For many Romantic writers, the “traces of the first Paradise whence man was driven” (McGann) could be found in the imaginative and mimetic structures surrounding them. Wordsworth and Shelley found these traces in nature; Byron in irony; Keats in aesthetics; Blake in myth and Coleridge in ethics. This course will examine how the search for these traces of paradise, or as McGann put it, the idea “that poetry…can set one free of the ruins of history and culture is the grand idea of every Romantic poet,” forms the core belief that shapes the romantic imagination in its exploration of poetic language, of imaginative experience and of the art of poetry. As the romantics looked at ways of regenerating poetic language and of re-spiritualizing the world, they perceived a parallel between the “ruins of paradise” and the ruins of poetic language in Enlightenment practice. In revitalizing the language of poetry, these poets sought to uncover the traces of paradise contained and expressed by the logos and within the dialectic of negation and transcendence. Our exploration will focus on how the romantic poets layered this quest onto idealized characters, nature and poetry itself. We will also look at how they engaged in the ‘pagan’ act of giving life to all objects around them; how they recovered traces of the Edenic imagination which allowed them to spiritualize the world much in the way pagan imaginative impulse gave life to everything, or as Wordsworth said:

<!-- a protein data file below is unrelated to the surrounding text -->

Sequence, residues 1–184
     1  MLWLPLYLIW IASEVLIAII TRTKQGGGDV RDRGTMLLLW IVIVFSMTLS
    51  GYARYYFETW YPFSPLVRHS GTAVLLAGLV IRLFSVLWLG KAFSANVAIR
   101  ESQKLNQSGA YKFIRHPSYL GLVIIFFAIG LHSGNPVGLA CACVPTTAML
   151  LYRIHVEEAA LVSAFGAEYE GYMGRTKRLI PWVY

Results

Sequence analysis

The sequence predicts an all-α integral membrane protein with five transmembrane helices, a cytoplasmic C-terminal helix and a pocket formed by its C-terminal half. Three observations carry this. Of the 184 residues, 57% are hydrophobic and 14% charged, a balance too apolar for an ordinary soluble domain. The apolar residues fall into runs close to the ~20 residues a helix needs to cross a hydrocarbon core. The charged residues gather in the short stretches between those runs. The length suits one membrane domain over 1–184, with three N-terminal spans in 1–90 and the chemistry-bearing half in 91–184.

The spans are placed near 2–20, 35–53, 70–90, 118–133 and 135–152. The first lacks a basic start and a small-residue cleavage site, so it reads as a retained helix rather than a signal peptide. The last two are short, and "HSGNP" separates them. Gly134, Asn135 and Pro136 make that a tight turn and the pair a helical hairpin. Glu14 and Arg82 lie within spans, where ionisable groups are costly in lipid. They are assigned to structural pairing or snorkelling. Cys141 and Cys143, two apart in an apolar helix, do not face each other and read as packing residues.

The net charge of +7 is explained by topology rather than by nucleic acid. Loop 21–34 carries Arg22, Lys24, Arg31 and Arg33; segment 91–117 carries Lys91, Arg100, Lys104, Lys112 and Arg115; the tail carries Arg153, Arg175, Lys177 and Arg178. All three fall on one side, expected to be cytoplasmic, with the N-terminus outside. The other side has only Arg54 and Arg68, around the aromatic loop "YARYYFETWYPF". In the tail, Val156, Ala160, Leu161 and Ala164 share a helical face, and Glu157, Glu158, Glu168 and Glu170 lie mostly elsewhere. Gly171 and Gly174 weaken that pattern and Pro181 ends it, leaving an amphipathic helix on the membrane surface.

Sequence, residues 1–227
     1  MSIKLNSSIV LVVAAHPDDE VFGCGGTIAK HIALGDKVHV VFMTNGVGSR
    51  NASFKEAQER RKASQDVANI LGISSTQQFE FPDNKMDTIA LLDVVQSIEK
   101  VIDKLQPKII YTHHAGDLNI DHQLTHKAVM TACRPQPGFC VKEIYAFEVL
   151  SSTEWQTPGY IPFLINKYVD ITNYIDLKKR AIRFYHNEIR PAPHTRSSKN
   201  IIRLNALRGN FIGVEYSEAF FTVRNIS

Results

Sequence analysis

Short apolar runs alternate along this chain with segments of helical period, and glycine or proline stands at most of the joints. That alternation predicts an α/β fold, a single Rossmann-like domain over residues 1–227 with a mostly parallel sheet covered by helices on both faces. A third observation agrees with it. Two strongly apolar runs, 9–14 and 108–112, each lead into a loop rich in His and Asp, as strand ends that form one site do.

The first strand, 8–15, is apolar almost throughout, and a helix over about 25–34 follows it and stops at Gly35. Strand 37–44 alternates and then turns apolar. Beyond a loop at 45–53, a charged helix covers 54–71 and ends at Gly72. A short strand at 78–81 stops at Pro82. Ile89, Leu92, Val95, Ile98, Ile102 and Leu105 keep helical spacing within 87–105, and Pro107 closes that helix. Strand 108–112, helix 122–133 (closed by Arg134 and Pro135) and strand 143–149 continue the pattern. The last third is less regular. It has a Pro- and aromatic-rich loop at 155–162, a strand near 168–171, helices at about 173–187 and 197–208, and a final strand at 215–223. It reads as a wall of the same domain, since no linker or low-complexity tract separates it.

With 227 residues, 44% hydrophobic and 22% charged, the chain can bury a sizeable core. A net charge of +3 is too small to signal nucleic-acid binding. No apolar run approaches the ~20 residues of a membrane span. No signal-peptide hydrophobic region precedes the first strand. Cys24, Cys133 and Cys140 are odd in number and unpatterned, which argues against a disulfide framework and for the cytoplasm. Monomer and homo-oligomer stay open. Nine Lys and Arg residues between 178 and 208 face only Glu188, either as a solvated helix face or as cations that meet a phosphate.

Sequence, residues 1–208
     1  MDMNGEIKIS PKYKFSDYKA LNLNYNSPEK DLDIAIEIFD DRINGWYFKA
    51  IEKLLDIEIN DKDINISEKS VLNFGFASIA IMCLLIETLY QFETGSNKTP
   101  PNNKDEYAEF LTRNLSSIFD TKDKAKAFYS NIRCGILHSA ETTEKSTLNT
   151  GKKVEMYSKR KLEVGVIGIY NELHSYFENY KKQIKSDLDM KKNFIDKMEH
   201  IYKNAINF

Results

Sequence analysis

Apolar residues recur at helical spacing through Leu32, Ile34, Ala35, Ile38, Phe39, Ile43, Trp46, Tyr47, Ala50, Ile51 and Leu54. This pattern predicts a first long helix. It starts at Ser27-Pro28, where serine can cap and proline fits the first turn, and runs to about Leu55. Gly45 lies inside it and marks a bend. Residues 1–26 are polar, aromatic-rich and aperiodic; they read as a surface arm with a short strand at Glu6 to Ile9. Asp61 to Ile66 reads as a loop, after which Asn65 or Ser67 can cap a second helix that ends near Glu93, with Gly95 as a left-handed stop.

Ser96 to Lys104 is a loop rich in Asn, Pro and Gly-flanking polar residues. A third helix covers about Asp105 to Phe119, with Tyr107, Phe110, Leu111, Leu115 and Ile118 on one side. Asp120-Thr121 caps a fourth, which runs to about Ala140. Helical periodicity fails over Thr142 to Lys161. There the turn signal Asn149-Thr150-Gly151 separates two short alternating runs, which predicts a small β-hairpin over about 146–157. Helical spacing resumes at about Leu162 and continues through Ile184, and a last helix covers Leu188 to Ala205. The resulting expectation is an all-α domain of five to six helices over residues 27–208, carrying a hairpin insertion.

To every natural form, rock, fruit, or flower,

Even the loose stones that cover the highway,

I gave a moral life; I saw them feel,

Or linked them to some feeling. (Prelude, III. 130-132)